Southern railway's saftey patrol Washington specialsgreenspun.com : LUSENET : Southern Railway : One Thread
For some years, the Southern ferried thousands of school saftey patrol members (crossing guards) on a visit to our nation's capital. I was one of them as an excited seventh grader in the Spring of 1962 from the Fulton Co (Ga.) school system. Does anyone have knowledge of the scope of this program....how long did it go on or other details? Looking back, it was probably a rather distasteful trip for the chaperones as well as the train crew ! Also, I would not be surprised to learn that the trips were possibly the brainchild of a RR marketing agent struggeling to bring in revenue as rail passenger traffic began to decline. I still have a SR paper placemat from the dining car.
-- Greg Hodges (firstname.lastname@example.org), November 25, 2000
In the 70's I fired on a lot of these trains. They continued for a while after Amtrak took over passenger operations. The last one I saw was in 1981. It was a Superliner train pulled by a SDP40F and a F40. They must have planned to unload at Alexandria. SR ran the trains with too long a schedule. The trains could not arrive too early or be late at Washington. I understand that they had to match up with the chartered busses. On the North Charlotte District (Greenville to Salisbury) we had to drag along at low speed to dodge trains and kill time. You never wanted to stop one of those trains. The kids would bail off in a heartbeat. They found some climbing around on a yard engine once after a stop. Sometimes they would carry a spare Pullman for a crew car. The younger trainmasters and trainmen would try to put that car to good use by hitting on some of the accompanying school teachers. Some told me they scored. Also I heard that they had to keep the girls and boys in separate cars, for similar reasons. In my days the trains often ran as second sections of trains 5 & 6, in the Piedmont. In older days I saw them running as second sections of 38, the Crescent. In Claytor days we had four either freshly painted or freshly washed E8's. On one trip in 1974 a train had three brand new GP38-2's and a FT boiler car. I also heard that on another occasion they had to substitute Alco RS3's plus the boiler car for a set of passenger engines that derailed near traintime. The school boy patrol cars in my day were all streamlined. We also ran what they called "Diesel Orientation Specials". These were ferry trips to let school kids experience riding a train.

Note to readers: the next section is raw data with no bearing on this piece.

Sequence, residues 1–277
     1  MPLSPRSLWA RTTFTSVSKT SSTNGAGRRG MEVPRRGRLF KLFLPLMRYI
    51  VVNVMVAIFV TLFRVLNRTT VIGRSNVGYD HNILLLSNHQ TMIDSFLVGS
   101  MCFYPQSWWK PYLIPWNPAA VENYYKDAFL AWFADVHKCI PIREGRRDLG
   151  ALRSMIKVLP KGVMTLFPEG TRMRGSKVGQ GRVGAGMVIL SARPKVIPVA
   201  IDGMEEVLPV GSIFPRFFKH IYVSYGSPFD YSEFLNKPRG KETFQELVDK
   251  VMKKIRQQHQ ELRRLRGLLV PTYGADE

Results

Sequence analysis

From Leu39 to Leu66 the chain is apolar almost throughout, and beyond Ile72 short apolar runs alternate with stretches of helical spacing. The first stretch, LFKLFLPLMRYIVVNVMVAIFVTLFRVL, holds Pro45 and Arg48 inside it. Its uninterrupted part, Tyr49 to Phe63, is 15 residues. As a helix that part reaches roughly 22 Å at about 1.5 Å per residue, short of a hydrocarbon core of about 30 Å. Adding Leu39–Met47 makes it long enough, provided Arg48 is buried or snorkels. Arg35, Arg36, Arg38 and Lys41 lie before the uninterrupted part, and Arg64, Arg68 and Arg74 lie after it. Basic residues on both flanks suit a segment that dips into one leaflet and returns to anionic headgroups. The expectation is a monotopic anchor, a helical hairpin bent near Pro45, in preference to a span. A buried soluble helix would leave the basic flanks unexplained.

Ben Lee - engineer, North Charlotte District
-- Ben Lee (Bengineer7@aol.com), November 27, 2000.
I took the classic school safety patrol trip in 1954. I was a seventh grader at Lena H. Cox Elementary off Bankhead HiWay in Atlanta. The trips had been going on for a few years before then and seemed to a kid to be something that had gone on forever.
My Dad (M. D. Hester) worked for Southern (Fireman and then Engineer on the Atlanta to Greenville run), so I was one of the few kids who had to be good, because all the crew knew me and I could not get away with anything.
My kid brother took the same trip two years later when he hit 7th grade.
As far as "distaste" went, my Dad said he disliked the "going to and from private schools in VA" trips more than the safety partrol trips. These were of course unchaperoned and back then nobody trusted any body who wen to a private school.
-- Stephen Hester (email@example.com), March 18, 2001.
-- Uranus Tobangus (GREGJR@hotmail.com), April 05, 2001.